- How customized by sales were those assets?
What about assessing lost deals, you might ask? Again, if you have more time and resources, a good practice is to add 5-10 lost opportunities that reached your final buying stage. For the resource-constrained amongst us, focus on the wins.
Step 3: Taking Inventory
The inventory process is not pain-free, but it’s essential and a templated approach goes a long way to making it doable. As the chart below depicts, we want to capture various attributes for each asset. And because I really want you to try this I’ve also created a spreadsheet for this template that I am happy to share with you. See the form at the bottom of this post.
|Attribute||What it Means / Example|
|Name of Asset||Name of the current file / “Platform Benefits”, “First Call Deck”, etc.|
|Asset Type||Product Sheet, Sales Presentation, Buying Guide, etc.|
|Content Category||What type of content is it? / Brand, Sales, Product, Competitor, etc.|
|Buying Stage||What stage(s) is the asset used? / Status Quo, Evaluation, “Stage 2”, etc.|
|Public vs. Internal||Shareable or not? / Public can be shared and Internal is for reference only|
|Buyer Persona(s)||With which persona(s) is the asset used?|
|Format(s)||What format(s) is the asset in? / Web page, PDF, Video|
|Status||What is the current status of the asset? / In Progress, Complete, etc.|
|Shared & Enabled||Has the asset been shared with sales and has a training occurred?|
|Certification||Does the asset require a certification prior to use?|
|Rep Score||What is the score that sales gives this asset 1(low) -10(high)?|
|Priority||What is the priority for this asset relative to others? / 1-3 Scale|
Now that we have all of your sales assets inventoried and labeled, 🙂 let’s move to the next step.
Step 4: Fill the Mission Critical Gaps
We can use our inventory tool to identify any gaps in sales content. In addition to three Golden questions, there are two essential attributes that we want to look for first: buying stage and buyer persona. Before moving on to anything else we want to ensure that we have at least one asset for each buyer persona in each Buying Stage. It’s worth repeating that: we need to have at least one asset for each buyer persona for each Buying Stage before going further. For example, if we sell to three buyer personas and we have five Buying Stages there are 15 “boxes” we need to see on our grid. Note that some assets can be used across multiple personas as well as multiple stages and so the count of assets may be less than the Discrete Personas x Total Stages equation.
Again, my strong suggestion is to make sure you have this baseline of content in good shape before you go any further.
At this point we should also have an initial answer to the three Golden questions:
What assets are used most often?
In the Top-Down approach, Sales tells us this with the asset score. In the Bottom-up approach, we can observe it.
What assets are commonly used in Won opportunities?
In the Top-Down approach, we again use the asset score from Sales. In the Bottom-Up approach, we can observe it.
How customized by sales were those assets?
With either approach this should be observable.
If we observe any mission critical gaps we need to fill them by prioritizing this content. Once the gaps are filled, we can move to Step 5.
Step 5: Train, Enable and Certify
With our mission-critical content in hand, we now need to operationalize the content. This is a fancy way of saying we need to hold a training session for the assets to ensure that sales is ready to use them effectively. If you have a regular cadence for training or sales enablement, get this content on the next agenda. For most organizations this would also justify a special, dedicated enablement session. For any assets that require certification, you’ll want to account for those additional steps and resources as well.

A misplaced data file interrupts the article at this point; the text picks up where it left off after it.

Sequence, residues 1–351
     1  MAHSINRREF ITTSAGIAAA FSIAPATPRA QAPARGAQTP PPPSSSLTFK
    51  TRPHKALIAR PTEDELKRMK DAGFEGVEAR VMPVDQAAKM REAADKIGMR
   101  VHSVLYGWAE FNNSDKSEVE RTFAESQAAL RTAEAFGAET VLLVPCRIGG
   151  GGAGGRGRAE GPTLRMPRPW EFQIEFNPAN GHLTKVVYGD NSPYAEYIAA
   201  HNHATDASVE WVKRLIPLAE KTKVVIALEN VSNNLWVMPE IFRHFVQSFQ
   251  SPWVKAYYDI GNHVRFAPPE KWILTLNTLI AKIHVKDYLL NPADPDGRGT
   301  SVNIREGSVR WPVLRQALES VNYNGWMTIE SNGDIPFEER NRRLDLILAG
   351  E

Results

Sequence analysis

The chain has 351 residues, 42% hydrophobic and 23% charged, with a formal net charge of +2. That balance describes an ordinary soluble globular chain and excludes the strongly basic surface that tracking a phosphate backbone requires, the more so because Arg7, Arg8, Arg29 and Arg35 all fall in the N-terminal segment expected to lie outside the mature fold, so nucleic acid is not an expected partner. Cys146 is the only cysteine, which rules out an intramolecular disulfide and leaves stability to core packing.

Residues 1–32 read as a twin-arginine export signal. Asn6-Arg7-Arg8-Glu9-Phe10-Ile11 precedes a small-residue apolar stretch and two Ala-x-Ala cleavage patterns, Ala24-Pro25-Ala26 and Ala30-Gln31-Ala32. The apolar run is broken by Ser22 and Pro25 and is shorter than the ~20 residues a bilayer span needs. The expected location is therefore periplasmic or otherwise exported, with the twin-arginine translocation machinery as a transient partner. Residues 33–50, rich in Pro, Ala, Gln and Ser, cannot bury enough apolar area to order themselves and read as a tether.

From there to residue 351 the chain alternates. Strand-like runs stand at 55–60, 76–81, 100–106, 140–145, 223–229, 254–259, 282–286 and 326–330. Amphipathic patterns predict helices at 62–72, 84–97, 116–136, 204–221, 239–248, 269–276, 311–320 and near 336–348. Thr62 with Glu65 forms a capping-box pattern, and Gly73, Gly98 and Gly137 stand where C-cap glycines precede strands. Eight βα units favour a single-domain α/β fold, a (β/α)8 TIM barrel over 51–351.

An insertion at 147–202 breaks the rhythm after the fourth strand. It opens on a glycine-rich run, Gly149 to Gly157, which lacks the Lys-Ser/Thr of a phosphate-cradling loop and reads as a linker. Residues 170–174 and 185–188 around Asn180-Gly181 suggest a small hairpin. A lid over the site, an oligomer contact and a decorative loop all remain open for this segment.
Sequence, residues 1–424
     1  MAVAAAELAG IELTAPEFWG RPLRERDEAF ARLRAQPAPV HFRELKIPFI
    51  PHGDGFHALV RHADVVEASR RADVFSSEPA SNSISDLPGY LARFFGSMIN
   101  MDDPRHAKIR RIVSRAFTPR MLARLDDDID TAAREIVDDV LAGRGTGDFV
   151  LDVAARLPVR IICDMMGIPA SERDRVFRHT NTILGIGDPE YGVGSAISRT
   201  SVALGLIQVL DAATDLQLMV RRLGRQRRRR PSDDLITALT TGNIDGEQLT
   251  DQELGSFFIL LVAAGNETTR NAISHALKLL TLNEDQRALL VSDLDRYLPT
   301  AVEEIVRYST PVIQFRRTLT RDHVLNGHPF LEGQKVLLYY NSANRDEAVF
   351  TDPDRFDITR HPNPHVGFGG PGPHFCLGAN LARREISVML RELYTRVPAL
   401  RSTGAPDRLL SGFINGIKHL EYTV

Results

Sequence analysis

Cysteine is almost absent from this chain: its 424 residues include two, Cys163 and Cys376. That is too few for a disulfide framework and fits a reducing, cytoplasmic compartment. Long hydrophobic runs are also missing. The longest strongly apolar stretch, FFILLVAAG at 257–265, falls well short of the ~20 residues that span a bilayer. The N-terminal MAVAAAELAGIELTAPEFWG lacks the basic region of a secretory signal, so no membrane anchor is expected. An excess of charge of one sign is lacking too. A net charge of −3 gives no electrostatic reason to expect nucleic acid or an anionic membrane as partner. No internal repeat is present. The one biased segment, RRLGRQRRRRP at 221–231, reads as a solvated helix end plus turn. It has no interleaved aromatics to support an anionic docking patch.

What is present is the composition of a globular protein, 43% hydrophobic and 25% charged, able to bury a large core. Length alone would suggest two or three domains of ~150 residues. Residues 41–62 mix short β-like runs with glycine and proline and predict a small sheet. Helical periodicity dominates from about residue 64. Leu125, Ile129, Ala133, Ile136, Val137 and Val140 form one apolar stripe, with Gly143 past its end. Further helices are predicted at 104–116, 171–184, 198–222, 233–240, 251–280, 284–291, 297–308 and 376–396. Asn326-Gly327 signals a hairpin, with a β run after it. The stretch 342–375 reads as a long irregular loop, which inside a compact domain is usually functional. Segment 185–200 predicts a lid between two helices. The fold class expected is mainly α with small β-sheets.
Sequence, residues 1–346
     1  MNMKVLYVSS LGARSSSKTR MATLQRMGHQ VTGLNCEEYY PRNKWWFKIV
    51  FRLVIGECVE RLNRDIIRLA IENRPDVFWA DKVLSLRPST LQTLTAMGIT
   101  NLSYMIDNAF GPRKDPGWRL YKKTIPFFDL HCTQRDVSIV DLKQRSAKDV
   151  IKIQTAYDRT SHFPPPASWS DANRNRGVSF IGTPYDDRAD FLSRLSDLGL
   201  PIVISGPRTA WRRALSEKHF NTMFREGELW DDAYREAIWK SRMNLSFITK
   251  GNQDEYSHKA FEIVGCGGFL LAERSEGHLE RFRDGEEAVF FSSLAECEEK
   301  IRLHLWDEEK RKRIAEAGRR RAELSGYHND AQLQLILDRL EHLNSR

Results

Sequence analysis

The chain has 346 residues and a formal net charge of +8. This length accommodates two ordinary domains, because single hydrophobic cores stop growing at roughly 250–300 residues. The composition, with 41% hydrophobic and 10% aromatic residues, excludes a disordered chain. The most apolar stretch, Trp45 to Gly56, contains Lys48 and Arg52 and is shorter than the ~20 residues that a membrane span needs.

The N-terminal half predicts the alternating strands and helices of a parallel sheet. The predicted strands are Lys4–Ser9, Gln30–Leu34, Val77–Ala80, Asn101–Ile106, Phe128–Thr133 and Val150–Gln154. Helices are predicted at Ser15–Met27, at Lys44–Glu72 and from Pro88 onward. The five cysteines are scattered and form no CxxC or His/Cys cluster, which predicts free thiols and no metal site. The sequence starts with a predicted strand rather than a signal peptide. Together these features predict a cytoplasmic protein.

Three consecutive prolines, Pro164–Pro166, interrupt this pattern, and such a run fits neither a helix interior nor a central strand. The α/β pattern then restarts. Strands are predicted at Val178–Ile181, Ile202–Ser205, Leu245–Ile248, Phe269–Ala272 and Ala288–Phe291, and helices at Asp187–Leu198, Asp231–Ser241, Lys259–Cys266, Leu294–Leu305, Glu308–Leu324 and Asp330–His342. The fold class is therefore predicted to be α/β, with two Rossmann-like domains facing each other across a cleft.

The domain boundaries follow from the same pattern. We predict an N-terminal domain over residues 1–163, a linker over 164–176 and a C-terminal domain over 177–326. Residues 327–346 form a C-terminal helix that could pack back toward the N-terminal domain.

Step 6: Enhance and Renew
Now that we have answered the Golden questions and established a baseline of content to cover all buyer personas across every buying stage, we can begin to think about enhancing our inventory. But don’t grab your surfboard and head for the tsunami just yet.
There are a few things we might consider for Step 5:
- Take the alternate approach: if you started with Top-Down take a shot at the Bottom-Up or vice versa.
- Look at lost deals: if you weren’t able to get there in the preceding steps, add this review to your content analyst. Again, start with 5-10 losses that fit your deal profile that made it to the final buying stage.
- Add new content formats to the arsenal. Some buyers prefer long-form to short-form, video to documents…give them what they want!
- Refresh the inventory with new titles. Add a second, third or fourth asset to each of the baseline scenarios in accordance to your content marketing plan.
- Experiment with new asset types you have not yet tried. I love value actualization assets like ROI calculators and interactive buying guides. Pick a new type to pilot and remember to build in time for training and enablement.
- Look at your content through a new lens, like industry. Adding a lens is an excellent way to enhance your asset library. Ask the question: What changes for this persona and stage when we look through an industry lens? Do IT buyers in financial services prefer that you are using relevant terminology or jargon? Are there certain trends in manufacturing that heighten the value prop of your solution? Look for ways to deepen the content through this type of lens.
These six steps will go along way in simplifying the landscape from the 100 percent to the 35 percent and eventually the 10 percent of sales content that has the most impact. If this feels like a big commitment – it is. But one that is worth the effort. Finding the gold will make sales more productive (and effective) and deepen the alignment between Sales, Marketing and Product. But there’s one more step to take. We need to understand our options for powering sales content with the right tools and technologies.
In the final installment in this series we’ll explore the numerous options for powering content: Powering the 10%.